Thursday, 8 May 2008

Monoprinting

I received this beautiful whole mini quilt from Colene Russel who is my partner in the ALQS. I've forgotten to turn it 90 degrees but the pattern is a bowl of flowers. At the moment its pinned to my display board so I can keep looking at it. I think she's very brave to even attempt wholecloth quilting and its very well done.

I've not blogged for a few days, mainly because I was getting on with some of the wip's but also due to Mum's health, which isn't too good at the moment.


Its the Northern Region EG's Regional Day on Saturday and those of us who attended the courses at Ushaw College were asked to take along the work we'd done to show and tell. So I've been busy trying to get some finishe instead of putting them to one side.

This piece I didn't like much, in fact I wasn't too keen on any of my pieces, I laid the paint on too thick. However once I'd started to stitch into it it grew on me. This started out as dark blue and silver but now with added beading and machine embroidery it looks more purple and airforce blue.

I turned a few pieces into cards, these were mainly small bits I'd been experimenting with. Again I got the monoprint thicker than it should have been. I expect its just inexperience but the leaf shapes stamped out quite well. These were the foam stamps you buy in diy and craft stores. A bit of stitching and a few beads later and hey presto a card for someone.
Monoprinting is easy, fun and cheap. You need acrylic paint (the cheaper the better) a flat surface that is easily cleaned eg glass from a photo frame with the edges covered to prevent cuts or a piece of plastic sheeting. If you are using plastic sheeting its probably best if you pad it out with some newspaper underneath. If you do use newspaper make sure there are no creases underneath the painted area of it'll transfer to the fabric when you print. You'll need a roller to spread the paint, a bottle will do and something to make a mark or pattern in the paint once its been spread out. Use your roller to spread out the paint on your sheeting and draw a pattern/make marks etc. Once you are satisfied with your artwork place your fabric down on top of the paint and smooth it out. You can use your hands or a clean roller, press hard to transfer the paint to your fabric. Wallah you've just monoprinted!!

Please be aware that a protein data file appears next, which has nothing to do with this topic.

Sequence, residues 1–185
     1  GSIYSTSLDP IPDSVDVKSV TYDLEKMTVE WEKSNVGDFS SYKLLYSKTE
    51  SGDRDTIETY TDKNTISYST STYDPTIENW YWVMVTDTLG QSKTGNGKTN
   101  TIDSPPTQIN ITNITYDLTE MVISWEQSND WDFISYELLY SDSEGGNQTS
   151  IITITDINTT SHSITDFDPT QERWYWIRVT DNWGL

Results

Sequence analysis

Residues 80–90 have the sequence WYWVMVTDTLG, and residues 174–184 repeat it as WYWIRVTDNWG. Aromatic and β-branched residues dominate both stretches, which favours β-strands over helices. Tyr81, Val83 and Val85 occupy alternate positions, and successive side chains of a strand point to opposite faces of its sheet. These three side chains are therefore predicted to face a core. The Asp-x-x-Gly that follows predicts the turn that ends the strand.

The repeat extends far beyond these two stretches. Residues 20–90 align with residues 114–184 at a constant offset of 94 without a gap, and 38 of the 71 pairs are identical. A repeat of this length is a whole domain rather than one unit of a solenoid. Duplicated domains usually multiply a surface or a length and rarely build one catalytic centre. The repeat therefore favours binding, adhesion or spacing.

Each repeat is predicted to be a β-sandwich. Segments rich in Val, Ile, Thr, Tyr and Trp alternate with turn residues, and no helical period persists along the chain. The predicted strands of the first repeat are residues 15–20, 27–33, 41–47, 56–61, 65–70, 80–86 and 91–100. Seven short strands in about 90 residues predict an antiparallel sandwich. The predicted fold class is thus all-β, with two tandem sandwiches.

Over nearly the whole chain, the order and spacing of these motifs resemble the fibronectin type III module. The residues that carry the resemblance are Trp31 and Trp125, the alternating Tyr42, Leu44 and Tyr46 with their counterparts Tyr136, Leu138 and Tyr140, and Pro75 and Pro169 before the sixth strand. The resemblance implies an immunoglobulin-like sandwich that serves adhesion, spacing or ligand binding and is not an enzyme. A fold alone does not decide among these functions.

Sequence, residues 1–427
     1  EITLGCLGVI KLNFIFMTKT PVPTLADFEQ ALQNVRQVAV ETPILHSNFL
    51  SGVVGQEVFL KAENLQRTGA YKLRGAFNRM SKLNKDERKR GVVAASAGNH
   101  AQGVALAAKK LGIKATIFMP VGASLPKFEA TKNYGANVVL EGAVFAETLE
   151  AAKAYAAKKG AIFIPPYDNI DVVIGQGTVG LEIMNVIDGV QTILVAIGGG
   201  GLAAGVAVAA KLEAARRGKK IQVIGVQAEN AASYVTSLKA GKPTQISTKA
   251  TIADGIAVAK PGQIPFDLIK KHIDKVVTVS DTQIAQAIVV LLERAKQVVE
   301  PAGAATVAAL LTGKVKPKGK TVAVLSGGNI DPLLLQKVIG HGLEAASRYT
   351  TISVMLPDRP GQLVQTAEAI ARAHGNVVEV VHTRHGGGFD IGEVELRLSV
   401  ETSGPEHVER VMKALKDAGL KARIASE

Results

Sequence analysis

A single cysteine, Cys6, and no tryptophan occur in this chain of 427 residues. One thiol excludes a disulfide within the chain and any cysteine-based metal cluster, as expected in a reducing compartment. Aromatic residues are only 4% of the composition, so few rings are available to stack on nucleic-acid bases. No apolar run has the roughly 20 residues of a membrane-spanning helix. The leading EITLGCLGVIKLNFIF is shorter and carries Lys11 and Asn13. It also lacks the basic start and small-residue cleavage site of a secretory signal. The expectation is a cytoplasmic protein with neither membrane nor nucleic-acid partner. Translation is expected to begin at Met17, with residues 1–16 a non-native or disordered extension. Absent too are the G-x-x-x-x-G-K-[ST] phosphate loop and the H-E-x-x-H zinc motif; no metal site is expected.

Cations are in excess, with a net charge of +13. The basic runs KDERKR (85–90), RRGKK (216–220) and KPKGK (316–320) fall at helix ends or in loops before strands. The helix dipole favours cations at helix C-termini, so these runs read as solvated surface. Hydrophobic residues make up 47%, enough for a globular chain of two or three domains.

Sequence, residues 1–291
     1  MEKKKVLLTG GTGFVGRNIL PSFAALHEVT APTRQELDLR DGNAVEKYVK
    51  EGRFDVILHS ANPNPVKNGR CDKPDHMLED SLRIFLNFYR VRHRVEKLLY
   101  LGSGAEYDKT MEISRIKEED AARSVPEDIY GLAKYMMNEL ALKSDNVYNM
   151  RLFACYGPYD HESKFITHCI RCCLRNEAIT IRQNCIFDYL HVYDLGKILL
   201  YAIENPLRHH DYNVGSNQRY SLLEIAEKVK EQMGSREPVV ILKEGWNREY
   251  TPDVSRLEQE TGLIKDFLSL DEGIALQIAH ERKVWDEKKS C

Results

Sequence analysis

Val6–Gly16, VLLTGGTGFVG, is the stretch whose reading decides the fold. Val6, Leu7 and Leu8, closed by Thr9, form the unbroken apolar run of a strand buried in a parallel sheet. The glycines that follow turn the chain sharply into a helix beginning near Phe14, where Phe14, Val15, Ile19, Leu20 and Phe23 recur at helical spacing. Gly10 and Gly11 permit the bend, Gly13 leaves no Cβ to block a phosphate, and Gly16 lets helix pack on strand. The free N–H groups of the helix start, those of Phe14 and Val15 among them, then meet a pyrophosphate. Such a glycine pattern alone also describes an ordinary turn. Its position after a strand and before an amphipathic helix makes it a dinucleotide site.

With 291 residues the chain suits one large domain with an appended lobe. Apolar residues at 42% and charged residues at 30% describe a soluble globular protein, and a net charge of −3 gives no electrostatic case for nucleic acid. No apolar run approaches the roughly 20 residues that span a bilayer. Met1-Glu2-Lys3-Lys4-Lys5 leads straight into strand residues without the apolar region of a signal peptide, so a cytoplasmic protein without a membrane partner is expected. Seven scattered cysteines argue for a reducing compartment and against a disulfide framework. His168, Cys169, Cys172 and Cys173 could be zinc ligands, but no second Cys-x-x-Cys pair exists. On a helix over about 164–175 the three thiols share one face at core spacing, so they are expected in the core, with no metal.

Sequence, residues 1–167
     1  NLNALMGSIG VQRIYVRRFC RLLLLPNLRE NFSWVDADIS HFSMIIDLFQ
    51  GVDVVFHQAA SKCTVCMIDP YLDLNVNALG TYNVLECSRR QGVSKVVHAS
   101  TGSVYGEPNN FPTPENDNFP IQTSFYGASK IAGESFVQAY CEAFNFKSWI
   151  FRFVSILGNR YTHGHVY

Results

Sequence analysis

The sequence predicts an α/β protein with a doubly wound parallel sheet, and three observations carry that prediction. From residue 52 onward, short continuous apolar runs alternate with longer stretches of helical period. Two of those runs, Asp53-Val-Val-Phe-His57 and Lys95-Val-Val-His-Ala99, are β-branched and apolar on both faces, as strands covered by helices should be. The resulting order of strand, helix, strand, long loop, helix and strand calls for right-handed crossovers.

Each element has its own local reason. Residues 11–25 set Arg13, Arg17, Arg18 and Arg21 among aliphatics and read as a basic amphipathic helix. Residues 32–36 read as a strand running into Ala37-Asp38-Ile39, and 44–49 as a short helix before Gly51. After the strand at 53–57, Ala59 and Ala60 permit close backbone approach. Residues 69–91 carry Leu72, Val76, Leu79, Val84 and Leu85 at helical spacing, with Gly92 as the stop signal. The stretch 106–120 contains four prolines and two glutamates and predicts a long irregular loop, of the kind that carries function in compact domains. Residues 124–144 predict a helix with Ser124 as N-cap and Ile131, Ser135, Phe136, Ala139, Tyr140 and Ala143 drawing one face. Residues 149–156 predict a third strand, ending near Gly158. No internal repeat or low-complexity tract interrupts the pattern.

As for stencilling patterns tape your fabric down onto the plastic sheet, place the stencil over the top, tape that down too. Using a brush, sponge or sponge brush dab the paint onto the stencil. Try not to get it under the stencil or you'll end up with blurged edges. This is what I've done to this last piece of fabric.



I used two stencils here, one grasses and one leaves. I used the edge of a sponge - think I used cheap make-up sponges the type you buy in big packets - to create veins.

I enjoyed doing the printing but ended up with green nails that took quite a lot of time to come clean so beware - use gloves.

2 comments:

Ati. Norway. said...

Hi Annette, I like what you did with the leaves and the grasses!

McIrish Annie said...

Thanks for sharing those tips! your pieces came out beautiful. Hope your mum is feeling better.